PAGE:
Malignant glomus tumor of the thyroid gland where is heretofore an unreported organ: a case report and literature review.Endocr Pathol 2015; 26(1):37-44EP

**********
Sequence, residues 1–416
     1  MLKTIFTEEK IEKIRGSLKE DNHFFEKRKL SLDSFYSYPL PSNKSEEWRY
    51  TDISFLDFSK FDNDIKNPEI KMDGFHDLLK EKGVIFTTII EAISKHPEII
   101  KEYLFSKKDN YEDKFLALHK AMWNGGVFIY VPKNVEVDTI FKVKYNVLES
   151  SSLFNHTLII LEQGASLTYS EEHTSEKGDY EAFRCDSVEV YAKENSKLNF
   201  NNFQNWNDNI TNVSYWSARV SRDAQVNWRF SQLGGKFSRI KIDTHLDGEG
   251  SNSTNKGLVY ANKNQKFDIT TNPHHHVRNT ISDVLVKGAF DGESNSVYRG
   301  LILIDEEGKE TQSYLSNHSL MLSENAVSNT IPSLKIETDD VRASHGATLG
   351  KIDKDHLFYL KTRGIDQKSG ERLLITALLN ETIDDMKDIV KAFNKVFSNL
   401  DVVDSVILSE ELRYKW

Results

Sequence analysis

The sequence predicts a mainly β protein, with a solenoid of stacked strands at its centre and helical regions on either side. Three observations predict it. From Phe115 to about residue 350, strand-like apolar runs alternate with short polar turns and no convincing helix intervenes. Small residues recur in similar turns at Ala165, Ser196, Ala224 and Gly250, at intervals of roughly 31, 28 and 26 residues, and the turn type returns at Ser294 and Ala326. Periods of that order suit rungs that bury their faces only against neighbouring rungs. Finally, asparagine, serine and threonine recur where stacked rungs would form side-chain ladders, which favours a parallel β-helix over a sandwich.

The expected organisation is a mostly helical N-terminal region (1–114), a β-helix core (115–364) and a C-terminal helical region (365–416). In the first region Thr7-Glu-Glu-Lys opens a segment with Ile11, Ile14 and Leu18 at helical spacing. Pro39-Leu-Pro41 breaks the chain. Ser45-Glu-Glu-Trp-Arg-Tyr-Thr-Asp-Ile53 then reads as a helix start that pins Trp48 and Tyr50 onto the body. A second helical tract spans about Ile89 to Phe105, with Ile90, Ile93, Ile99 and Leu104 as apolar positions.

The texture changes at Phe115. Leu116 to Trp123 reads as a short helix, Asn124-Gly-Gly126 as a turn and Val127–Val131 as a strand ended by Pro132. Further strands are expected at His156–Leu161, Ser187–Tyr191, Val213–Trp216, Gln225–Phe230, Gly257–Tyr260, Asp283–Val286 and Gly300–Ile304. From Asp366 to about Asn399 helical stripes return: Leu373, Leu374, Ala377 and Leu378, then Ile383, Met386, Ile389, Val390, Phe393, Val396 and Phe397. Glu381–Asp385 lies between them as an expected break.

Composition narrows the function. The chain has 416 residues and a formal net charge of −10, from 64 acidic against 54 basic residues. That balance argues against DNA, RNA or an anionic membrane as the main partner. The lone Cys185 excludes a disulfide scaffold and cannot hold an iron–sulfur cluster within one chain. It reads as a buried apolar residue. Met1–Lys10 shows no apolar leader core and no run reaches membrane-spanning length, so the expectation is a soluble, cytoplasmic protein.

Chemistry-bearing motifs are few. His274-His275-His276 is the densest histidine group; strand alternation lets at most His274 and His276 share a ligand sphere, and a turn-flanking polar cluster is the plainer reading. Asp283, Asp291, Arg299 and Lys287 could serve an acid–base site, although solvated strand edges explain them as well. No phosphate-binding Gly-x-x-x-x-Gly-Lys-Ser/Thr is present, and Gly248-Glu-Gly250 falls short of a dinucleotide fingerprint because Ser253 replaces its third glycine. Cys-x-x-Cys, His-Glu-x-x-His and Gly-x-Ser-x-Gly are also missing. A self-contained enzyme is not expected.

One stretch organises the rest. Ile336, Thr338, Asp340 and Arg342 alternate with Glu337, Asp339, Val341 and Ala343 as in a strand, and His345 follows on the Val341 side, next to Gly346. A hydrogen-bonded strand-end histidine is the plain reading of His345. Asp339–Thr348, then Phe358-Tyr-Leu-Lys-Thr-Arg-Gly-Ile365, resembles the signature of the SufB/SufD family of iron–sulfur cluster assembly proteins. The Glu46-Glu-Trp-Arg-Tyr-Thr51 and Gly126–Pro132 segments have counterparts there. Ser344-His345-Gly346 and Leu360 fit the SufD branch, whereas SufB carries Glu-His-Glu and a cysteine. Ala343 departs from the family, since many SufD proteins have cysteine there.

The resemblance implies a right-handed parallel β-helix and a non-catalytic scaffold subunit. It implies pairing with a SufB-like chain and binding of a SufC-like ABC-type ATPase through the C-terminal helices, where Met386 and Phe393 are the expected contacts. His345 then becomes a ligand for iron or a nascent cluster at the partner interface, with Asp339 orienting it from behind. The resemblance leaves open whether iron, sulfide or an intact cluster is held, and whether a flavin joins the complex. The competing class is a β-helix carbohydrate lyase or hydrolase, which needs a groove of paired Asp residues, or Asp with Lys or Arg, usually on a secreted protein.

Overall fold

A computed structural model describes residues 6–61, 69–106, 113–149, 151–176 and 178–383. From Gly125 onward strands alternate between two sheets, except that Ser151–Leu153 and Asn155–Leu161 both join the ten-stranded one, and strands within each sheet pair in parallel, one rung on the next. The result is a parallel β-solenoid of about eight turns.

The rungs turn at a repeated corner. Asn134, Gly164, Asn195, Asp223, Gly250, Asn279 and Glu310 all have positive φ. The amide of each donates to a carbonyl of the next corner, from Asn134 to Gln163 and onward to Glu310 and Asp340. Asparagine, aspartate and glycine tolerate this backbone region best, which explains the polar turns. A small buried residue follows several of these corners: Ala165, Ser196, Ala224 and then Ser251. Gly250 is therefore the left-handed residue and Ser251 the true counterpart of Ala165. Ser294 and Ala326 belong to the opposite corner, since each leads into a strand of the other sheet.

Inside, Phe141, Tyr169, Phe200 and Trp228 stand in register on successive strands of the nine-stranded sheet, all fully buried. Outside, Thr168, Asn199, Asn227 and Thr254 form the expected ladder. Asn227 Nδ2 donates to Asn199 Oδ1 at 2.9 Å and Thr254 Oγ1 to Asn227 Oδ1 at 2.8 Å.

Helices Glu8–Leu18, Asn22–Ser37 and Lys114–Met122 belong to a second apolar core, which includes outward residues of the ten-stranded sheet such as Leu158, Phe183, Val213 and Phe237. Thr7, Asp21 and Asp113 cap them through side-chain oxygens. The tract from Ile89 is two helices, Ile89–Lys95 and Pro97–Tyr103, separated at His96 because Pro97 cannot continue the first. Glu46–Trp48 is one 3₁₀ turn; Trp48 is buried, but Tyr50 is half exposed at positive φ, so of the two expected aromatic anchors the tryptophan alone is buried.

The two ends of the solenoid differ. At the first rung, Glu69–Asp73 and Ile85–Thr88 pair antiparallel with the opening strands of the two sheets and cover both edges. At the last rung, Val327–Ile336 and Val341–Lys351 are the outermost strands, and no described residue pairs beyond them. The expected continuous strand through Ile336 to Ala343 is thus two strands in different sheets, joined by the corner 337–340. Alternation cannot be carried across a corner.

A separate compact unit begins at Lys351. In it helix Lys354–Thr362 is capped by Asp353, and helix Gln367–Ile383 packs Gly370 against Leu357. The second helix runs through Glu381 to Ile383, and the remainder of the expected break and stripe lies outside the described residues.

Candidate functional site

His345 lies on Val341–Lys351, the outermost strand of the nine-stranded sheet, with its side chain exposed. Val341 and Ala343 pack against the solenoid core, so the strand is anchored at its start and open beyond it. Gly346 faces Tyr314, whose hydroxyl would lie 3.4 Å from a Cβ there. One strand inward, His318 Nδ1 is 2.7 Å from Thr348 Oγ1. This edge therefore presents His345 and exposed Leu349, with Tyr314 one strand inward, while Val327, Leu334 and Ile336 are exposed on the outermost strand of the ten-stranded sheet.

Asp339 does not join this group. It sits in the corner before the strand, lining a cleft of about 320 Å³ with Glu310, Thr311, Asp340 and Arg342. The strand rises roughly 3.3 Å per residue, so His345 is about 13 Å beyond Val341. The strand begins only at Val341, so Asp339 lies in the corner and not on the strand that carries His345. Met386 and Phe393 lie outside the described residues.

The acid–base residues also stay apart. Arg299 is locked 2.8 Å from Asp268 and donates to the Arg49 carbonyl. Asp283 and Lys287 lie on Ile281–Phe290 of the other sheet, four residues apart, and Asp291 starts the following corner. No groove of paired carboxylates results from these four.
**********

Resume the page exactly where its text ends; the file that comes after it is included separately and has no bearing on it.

Glomus tumors are relatively uncommon clinically benign tumors. Malignant glomus tumors are rare, and only a small number develop metastatic foci. The usual location is deep dermis or subcutis, but it has been reported in various locations. A 55-year-old man presented with an incidentally found thyroid mass. Neck ultrasound showed a mass with a heterogeneous hypoechoic calcific mass in the right lobe. Right lobectomy specimen showed the 3.6-cm-sized calcified mass composed of sheets of uniform round to polygonal cells and intervening staghorn-shaped vessels. Occasional cellular atypism and necrosis with increased mitotic activity (up to 7 per 10 high-power fields) were found. Infiltration to the residual thyroid parenchyma, vessel, thyroidal capsule, and strap muscle was found. These tumor cells were strongly positive for smooth muscle actin, collagen type IV, and vimentin with pericellular reticulin-cuffing. Ultrastructurally, closely packed oval-shaped tumor cells having cytoplasmic mitochondria, rough endoplasmic reticulums with pinocytotic vesicles along the plasmalemmal surface and thin filaments of 6 nm in diameter were surrounded by thick basal lamina. That mass was diagnosed as a malignant glomus tumor. Incidentally, a 0.5-cm-sized papillary carcinoma was found through entire embedding. Complete thyroidectomy with chemotherapy was done. Thirty months later, multiple metastases developed in the brain and lung, and he expired. To our knowledge, neither benign nor malignant thyroid glomus tumor has been previously described. Here, we describe the first case of a malignant glomus tumor in the thyroid gland.